After Boko Haram renewed its attacks on Christians in northern Nigeria last week, many Christians remain fearful that they will be the next victims. Islamic leaders in Nigeria continue to pressure the government into giving Boko Haram total amnesty for the crimes they have committed in order to strike a peace deal. President Goodluck Jonathan has rejected this grant of amnesty, citing the injustice it would do to the victims of Boko Haram.
3/25/2013 Nigeria (Charisma News) – A car bomb attack in a Christian enclave of Kano, the largest city in mainly-Muslim Northern Nigeria, has heightened religious and ethnic tensions throughout the country.
At least 25 people have been killed and at least 60 others injured, following the March 18 suicide bomb attack in a bus station in the Christian district of Sabon Gari. The bus station is primarily used by passengers heading for the mostly Christian South of the country. Five buses were destroyed, one reported to be full of people.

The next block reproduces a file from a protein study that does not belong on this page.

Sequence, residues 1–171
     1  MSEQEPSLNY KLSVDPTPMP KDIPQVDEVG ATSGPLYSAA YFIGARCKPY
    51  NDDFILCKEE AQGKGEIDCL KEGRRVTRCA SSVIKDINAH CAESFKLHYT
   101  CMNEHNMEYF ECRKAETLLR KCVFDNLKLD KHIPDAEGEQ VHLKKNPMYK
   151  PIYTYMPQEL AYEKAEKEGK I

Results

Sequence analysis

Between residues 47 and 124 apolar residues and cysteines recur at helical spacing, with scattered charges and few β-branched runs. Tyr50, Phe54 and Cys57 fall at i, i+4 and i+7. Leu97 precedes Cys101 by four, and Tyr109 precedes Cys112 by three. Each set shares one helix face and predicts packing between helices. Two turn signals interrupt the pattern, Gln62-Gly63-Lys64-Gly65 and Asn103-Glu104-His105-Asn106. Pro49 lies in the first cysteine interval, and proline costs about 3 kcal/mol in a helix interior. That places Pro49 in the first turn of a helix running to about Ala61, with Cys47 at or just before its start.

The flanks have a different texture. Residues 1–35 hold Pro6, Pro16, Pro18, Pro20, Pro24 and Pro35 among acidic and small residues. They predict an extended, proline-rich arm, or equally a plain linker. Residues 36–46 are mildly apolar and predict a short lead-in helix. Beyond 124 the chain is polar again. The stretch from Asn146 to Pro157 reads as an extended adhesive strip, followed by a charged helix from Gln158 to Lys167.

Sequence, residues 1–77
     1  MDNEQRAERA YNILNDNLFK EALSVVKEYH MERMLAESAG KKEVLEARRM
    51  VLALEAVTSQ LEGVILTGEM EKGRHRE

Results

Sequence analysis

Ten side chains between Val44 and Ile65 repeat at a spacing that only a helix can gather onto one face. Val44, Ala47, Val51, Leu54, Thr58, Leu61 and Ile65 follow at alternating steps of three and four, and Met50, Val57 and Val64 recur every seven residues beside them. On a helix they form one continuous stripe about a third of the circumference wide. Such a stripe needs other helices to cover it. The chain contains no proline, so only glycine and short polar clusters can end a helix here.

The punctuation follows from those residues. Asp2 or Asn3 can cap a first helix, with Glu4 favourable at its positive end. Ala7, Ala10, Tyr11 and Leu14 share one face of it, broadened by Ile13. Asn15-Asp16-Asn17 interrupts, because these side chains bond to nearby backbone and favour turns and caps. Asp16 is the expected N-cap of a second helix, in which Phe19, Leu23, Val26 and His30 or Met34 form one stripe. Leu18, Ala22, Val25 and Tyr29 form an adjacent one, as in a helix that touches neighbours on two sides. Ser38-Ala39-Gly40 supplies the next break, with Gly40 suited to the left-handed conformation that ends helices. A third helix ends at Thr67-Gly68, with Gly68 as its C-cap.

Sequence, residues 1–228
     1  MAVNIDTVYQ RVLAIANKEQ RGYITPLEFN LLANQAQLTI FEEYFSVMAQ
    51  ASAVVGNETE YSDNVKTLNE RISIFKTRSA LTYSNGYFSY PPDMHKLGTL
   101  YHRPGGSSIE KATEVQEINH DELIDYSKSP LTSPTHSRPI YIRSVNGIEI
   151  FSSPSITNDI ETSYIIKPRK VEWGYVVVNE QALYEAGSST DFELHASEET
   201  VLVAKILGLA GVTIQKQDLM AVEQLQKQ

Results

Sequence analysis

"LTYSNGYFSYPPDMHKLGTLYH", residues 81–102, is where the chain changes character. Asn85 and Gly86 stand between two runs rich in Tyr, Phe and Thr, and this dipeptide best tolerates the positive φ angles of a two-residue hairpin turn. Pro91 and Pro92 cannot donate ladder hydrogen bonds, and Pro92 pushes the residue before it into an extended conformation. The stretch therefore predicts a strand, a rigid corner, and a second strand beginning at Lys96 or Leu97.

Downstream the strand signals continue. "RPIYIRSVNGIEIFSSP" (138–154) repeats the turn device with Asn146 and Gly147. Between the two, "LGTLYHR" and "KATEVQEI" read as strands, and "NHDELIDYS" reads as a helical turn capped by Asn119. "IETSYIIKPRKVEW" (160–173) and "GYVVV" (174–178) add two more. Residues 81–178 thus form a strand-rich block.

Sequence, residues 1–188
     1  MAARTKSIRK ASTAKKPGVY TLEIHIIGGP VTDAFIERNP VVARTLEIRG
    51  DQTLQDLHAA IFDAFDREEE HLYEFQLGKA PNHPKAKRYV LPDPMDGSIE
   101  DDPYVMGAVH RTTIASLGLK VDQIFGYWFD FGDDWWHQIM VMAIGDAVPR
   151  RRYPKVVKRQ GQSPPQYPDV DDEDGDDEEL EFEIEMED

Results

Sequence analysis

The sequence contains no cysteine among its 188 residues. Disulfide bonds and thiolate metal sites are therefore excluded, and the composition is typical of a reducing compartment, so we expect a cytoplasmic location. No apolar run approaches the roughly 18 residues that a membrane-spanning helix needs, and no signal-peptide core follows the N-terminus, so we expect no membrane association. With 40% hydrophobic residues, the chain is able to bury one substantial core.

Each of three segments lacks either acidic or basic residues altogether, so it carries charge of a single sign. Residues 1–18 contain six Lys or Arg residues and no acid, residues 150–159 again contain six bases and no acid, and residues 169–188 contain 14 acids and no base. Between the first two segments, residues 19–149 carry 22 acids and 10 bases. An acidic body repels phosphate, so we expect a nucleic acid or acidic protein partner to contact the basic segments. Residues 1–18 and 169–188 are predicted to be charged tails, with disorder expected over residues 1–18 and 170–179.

No group has yet claimed responsibility. The manner of attack is, however, similar to previous ones by the Islamist Boko Haram group. Its scale prompted Christian, Muslim and political leaders to urge the federal government to take urgent measures to avert a major crisis.
The Christian Association of Nigeria (CAN) and its main Muslim counterpart Jama’atu Nasril Islam, JNI (Society for the Victory of Islam) in separate reactions expressed deep concern. JNI’s President, the Sultan of Sokoto is spiritual leader of Nigeria’s 70 million Muslims and has huge power and influence.
The country’s two religious leaders noted the Kano suicide attack was capable of threatening the unity of Nigeria, if such attacks continue.
Tuesday, March 19 was observed as a day of mourning, fasting and prayers for victims amidst reported fears of reprisal attacks on the Hausa Northern community who live in the south-east of the country.
CAN President Pastor Ayo Oritsejafor condemned “the barbaric and sustained bomb and gun attacks on innocent Nigerians” and called on the Federal government to support the Christian association’s call for the branding of Boko Haram as a Foreign Terrorist Organisation, or FTO.
“The Federal government should liaise with the international community and obtain their expertise in order to deal with the terror acts.